Mark Dodson targets £14million in savings with no redundancies

Chief executive says that latest calculations indicate that Covid-19 crisis will cost Scottish Rugby £18million in lost revenue

Scottish Rugby chief executive Mark Dodson is determined that no redundancies will result from the Covid-19 pandemic. Image: Fotosport/David Gibson
Scottish Rugby chief executive Mark Dodson is determined that no redundancies will result from the Covid-19 pandemic. Image: Fotosport/David Gibson

MARK DODSON says that latest calculations predict that Scottish Rugby faces an £18million hit in revenue due to Covid-19 lockdown/social-distancing measures, but he believes that this can be offset by the business achieving £14million in savings through belt-tightening in every department, and he is determined that there will be no redundancies.

An overdraft facility has been secured with The Bank of Scotland to ease the inevitable cashflow squeeze caused by the ongoing crisis.

While the forecasts coming out of Twickenham have been catastrophic, with over 100 community coaches and rugby development officers being cut adrift and the England Sevens programme being scrapped, the news emanating from Murrayfield earlier today [Friday] was of a far more optimistic flavour.

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The Chief Executive acknowledged that the situation is serious but stressed his commitment to ensuring that the governing body is in good shape so that it can quickly bounce back once the storm subsides.

“We’ve got a good handle, I think, on what kind of shortfall we’ll be looking at this year – we’re looking at an £18million shortfall in our revenue position – so it’s a serious situation as far as we’re concerned, and we’re taking all the appropriate steps to manage that,” said Dodson, during a wide-ranging media briefing conducted by video link

“I would say it’s a current case,” he replied, when asked if this figure was a worst-case scenario. “It’s very realistic. We’re being very prudent in our measures. We’re trying to take advantage of all the data that’s there. I would say that the £18m is more at the harsh end, but again, it only needs the Six Nations to be cancelled and then we’re into a whole new scenario.”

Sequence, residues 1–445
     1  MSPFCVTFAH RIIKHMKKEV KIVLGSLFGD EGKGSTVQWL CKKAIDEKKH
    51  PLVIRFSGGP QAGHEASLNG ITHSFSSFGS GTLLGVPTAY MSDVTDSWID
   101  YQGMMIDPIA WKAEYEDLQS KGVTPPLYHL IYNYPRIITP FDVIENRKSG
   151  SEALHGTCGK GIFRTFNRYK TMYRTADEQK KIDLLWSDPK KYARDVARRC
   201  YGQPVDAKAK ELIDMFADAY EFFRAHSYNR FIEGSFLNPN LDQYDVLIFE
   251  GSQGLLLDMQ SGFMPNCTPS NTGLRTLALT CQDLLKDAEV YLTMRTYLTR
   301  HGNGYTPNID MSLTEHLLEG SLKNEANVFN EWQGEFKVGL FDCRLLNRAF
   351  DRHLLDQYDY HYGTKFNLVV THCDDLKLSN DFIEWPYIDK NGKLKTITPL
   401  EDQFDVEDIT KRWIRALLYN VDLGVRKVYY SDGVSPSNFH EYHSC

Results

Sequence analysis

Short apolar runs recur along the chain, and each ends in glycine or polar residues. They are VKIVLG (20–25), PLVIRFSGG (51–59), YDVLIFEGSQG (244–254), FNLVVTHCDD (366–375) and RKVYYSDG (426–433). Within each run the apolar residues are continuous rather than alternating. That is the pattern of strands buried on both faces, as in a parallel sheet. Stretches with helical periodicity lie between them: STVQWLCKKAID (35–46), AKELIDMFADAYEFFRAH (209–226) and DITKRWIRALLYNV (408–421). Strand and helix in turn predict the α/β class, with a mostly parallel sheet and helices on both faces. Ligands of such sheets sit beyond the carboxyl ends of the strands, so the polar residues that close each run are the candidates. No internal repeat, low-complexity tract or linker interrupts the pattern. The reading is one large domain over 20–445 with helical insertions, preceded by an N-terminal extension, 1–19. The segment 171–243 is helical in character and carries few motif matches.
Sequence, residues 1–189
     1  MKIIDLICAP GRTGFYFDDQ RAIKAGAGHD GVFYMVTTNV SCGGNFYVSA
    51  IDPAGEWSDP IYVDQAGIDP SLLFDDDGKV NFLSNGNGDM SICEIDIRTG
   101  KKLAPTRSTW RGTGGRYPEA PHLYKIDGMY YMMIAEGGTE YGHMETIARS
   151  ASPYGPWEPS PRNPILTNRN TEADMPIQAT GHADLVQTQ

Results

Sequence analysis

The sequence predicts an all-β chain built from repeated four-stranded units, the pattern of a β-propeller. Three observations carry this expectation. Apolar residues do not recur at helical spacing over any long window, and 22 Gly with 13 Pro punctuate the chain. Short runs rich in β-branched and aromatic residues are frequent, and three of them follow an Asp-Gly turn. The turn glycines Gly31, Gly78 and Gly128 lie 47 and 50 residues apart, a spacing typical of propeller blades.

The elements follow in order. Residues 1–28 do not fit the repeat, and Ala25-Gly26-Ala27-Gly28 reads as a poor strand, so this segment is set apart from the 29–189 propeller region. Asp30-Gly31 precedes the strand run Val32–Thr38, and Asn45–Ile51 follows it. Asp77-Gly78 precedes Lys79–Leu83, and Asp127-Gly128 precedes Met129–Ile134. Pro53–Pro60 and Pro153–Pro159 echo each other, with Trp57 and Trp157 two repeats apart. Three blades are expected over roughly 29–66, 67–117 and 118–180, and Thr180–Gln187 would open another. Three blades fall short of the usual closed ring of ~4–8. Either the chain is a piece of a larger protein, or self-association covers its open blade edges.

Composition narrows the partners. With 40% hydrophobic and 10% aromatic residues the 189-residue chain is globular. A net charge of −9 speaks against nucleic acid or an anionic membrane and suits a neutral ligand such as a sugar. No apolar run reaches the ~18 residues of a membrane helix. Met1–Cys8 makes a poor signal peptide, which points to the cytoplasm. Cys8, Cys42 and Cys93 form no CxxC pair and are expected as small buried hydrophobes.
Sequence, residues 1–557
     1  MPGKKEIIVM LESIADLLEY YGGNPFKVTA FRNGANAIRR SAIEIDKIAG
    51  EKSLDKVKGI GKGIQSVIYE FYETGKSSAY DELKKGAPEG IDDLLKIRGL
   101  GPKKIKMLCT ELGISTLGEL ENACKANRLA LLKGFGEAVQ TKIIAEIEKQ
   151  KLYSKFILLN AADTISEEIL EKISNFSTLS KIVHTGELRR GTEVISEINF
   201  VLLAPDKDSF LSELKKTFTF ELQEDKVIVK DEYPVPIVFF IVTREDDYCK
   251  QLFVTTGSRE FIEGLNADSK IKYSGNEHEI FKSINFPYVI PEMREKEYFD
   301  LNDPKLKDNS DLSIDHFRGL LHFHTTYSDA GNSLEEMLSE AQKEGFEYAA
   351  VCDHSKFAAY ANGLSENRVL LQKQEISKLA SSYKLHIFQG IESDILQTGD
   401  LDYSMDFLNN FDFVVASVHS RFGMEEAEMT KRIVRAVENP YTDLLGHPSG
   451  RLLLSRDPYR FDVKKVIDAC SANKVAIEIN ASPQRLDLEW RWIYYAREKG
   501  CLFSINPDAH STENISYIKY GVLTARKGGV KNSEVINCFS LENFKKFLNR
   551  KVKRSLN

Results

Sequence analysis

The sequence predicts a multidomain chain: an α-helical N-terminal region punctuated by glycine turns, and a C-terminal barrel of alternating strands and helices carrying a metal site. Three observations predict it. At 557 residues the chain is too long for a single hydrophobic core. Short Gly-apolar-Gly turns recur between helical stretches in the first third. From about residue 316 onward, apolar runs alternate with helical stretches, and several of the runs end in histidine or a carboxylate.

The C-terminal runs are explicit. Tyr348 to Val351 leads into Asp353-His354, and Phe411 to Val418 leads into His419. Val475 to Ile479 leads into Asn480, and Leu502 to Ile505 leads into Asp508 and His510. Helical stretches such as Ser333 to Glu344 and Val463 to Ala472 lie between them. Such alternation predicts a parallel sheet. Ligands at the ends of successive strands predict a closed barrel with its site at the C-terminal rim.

Scottish Rugby’s total turnover for the year up to the end of May 2019 was £61million, so we are looking at a hit of almost one-third of annual sales, however Dodson – who was speaking publicly for the first time since 13th June – insisted that there will not need to be the same sort of sweeping cutbacks as has been witnessed elsewhere across the globe.

The importance of bounce-back-ability

“As I’ve said before, our ambition is not to lose a body as we go through this whole process – not to make redundancies – and the reason for that is because we want to maintain the capability to bounce back once this pandemic is over, and not cut our ability to do that,” he said.

“It is quite clear that we will have a cashflow problem as we go through this pandemic, but we have to come out of it fairly swiftly and have a robust infrastructure to make sure we can grow back revenues as soon as possible.

“To give you some idea of what is taking place, there are going to be cuts across every single department in the business. Some of those budget reductions will take place largely through a lack of activity – if you are not playing games then you are losing revenue but you are saving on expenditure as well in terms of travel, preparation and so on.

“We are also going to have less age-grade games but we are going to keep the Under-20s in a certain programme that will be reduced because of the nature of Covid and the travel that can take place.

Protecting the grassroots

“We have tried to protect our grassroots game through our ‘Rugby Development’ department,” he added. “Our mission is not to cut that department as deeply as we would normally do for the simple reason that we believe our clubs need our support as we work through this pandemic. And we think our community development officers and regional support framework will be needed to make sure that we can get rugby played as soon as we possibly can.

“But we are going to be taking roughly £14million of costs out the business this year.”